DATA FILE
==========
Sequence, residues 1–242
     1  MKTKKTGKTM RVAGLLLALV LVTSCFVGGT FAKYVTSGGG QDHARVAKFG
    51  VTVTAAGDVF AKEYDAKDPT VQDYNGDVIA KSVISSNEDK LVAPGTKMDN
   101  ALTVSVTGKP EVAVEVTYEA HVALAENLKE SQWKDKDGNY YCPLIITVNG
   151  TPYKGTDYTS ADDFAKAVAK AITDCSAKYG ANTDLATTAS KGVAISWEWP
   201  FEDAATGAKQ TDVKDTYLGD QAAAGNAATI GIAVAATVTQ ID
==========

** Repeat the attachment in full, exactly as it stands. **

Sequence, residues 1–242
     1  MKTKKTGKTM RVAGLLLALV LVTSCFVGGT FAKYVTSGGG QDHARVAKFG
    51  VTVTAAGDVF AKEYDAKDPT VQDYNGDVIA KSVISSNEDK LVAPGTKMDN
   101  ALTVSVTGKP EVAVEVTYEA HVALAENLKE SQWKDKDGNY YCPLIITVNG
   151  TPYKGTDYTS ADDFAKAVAK AITDCSAKYG ANTDLATTAS KGVAISWEWP
   201  FEDAATGAKQ TDVKDTYLGD QAAAGNAATI GIAVAATVTQ ID